Chronic Kidney Disease in Primary Care

Duaine D. Murphree, MD; Sarah M. Thelen, MD

Disclosures

J Am Board Fam Med. 2010;23(4):542-550. 

In This Article

Patient Education

Patients need to be educated about their disease process so that their expectations are appropriate and they are active participants in their care. Patients need to be aware that over-the-counter medications (such as NSAIDs) are harmful to their kidney functioning and must be avoided. In addition, patients should be encouraged to bring all of their over-the-counter medications to their appointments for review because numerous herbal and weight-loss medications can also be nephrotoxic.

Patients with stage 4 chronic kidney disease need to be educated about the options of transplantation, hemodialysis, and peritoneal dialysis. These discussions should not be delayed until the point of impending dialysis and are best accomplished in conjunction with a nephrologist. It is known that morbidity and mortality are significantly improved when patients do not have to use temporary access for dialysis.[22,23] A fistula should be placed approximately 6 months before anticipated need for dialysis to allow for maturation as well as any revisions that may be necessary. A graft, however, can be placed approximately 3 to 6 weeks before predicted time of need for dialysis. A peritoneal catheter should be placed 2 weeks before its anticipated time of need. Patients with stage 4 chronic kidney disease should also be counseled about not allowing blood draws or intravenous access, particularly subclavian lines or peripherally inserted central catheter lines in their nondominant upper extremity or other sites as dictated by imaging studies because the complications of these procedures may preclude the use of the involved extremity for future dialysis access.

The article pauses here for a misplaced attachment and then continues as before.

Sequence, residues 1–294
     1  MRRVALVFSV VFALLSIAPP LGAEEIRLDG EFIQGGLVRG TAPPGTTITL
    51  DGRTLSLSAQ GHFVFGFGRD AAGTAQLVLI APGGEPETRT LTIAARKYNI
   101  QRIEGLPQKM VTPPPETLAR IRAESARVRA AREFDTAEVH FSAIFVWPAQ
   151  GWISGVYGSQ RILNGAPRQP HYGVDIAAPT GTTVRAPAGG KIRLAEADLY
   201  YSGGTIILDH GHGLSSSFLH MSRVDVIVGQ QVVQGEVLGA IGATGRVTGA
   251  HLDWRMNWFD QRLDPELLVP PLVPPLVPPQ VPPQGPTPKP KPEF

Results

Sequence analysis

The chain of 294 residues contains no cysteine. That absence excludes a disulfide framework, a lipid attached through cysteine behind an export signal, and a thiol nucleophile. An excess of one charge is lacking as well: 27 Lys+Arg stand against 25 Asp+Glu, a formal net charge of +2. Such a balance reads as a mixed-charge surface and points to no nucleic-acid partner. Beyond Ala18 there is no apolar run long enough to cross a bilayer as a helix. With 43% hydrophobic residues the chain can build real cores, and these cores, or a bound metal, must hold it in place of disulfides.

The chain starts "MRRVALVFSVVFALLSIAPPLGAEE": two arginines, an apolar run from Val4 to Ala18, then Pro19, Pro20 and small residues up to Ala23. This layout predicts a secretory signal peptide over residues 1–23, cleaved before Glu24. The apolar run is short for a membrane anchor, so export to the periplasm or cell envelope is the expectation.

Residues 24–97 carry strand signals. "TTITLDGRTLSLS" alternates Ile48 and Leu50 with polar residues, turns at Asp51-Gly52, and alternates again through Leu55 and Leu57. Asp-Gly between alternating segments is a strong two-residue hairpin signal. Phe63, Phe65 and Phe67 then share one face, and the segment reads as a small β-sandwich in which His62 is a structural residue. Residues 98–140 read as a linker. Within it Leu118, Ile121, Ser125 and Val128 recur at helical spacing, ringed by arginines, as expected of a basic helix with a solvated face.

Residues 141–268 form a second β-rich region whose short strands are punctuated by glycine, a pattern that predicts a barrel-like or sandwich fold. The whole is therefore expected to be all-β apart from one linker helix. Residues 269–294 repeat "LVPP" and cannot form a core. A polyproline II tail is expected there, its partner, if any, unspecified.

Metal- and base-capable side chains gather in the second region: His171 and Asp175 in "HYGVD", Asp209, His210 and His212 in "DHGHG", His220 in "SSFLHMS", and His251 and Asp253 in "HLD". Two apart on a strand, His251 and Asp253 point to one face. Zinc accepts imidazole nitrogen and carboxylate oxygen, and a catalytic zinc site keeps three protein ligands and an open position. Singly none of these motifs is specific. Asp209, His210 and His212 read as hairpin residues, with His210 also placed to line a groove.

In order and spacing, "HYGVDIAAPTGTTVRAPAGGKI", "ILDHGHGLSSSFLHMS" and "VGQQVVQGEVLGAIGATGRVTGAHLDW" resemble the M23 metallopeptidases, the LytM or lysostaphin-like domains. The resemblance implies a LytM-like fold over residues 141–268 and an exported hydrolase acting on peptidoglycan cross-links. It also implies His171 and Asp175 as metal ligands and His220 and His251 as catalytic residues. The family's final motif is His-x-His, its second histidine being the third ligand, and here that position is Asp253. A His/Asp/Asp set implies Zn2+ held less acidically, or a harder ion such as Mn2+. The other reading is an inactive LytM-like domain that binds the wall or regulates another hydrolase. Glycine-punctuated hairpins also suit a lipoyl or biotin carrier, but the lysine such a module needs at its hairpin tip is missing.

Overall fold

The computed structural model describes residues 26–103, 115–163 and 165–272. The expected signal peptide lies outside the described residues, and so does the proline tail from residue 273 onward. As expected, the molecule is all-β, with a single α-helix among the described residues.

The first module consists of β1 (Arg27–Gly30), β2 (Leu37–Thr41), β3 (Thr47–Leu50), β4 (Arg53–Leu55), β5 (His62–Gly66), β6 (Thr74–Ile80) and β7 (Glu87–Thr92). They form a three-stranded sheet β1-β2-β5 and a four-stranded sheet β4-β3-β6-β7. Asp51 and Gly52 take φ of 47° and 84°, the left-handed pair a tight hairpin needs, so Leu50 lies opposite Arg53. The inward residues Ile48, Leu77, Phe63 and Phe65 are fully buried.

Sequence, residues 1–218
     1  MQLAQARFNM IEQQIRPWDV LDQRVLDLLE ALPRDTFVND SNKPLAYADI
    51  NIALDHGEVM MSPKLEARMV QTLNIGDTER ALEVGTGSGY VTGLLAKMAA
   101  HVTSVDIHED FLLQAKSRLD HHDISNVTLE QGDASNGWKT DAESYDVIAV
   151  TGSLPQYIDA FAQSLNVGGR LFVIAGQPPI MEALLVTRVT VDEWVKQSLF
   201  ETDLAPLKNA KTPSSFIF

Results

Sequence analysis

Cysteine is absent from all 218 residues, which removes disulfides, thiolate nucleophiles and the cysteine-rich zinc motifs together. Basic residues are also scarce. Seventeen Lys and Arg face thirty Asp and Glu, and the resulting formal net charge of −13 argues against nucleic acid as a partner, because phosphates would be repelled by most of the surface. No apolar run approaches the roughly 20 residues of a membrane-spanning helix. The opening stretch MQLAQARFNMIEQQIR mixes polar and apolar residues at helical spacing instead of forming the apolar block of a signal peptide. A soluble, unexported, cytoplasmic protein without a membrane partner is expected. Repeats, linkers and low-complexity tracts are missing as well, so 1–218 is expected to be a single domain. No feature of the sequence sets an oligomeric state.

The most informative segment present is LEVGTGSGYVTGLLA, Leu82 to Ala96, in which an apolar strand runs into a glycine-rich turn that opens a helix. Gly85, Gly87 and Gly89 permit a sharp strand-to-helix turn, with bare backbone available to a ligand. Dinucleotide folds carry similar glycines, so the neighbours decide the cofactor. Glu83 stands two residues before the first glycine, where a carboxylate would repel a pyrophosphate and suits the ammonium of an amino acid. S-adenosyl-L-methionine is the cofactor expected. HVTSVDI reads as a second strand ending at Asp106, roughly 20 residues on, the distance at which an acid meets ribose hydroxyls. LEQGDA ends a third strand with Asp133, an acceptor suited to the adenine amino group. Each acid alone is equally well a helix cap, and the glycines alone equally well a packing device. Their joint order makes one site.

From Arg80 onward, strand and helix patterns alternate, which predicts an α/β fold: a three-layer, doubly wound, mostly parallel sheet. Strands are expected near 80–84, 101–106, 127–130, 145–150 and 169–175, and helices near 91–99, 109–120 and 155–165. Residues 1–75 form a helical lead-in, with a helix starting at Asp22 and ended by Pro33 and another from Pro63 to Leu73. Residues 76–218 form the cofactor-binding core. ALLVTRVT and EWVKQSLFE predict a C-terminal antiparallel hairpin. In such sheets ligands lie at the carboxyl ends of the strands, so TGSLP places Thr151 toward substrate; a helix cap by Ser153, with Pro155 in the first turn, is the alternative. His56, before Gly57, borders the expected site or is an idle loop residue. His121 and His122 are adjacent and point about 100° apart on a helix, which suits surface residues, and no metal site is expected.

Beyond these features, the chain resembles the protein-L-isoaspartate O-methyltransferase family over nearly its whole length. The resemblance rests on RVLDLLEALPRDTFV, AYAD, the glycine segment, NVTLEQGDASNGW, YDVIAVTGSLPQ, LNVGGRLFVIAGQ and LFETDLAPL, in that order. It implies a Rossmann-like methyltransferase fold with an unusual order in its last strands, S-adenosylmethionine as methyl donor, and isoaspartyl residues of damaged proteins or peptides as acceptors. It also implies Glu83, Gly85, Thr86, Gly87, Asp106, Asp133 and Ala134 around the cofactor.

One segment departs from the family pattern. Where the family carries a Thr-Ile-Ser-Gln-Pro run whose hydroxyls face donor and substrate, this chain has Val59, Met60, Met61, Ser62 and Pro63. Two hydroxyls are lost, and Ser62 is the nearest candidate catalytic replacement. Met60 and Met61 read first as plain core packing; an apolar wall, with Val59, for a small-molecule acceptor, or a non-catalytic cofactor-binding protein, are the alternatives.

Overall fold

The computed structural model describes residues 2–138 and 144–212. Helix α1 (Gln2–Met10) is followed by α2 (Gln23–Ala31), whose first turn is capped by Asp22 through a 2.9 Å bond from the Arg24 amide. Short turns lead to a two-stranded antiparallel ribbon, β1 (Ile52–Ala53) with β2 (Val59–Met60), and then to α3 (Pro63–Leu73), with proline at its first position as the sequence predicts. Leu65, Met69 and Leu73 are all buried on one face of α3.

The family physician needs to be ready to educate chronic kidney disease patients about these topics and provide preventive care and ongoing care to this patient population. Although referral to a nephrologist is always an option, family physicians should feel comfortable with making the initial diagnosis of chronic kidney disease and with providing appropriate initial and ongoing care to these patients.

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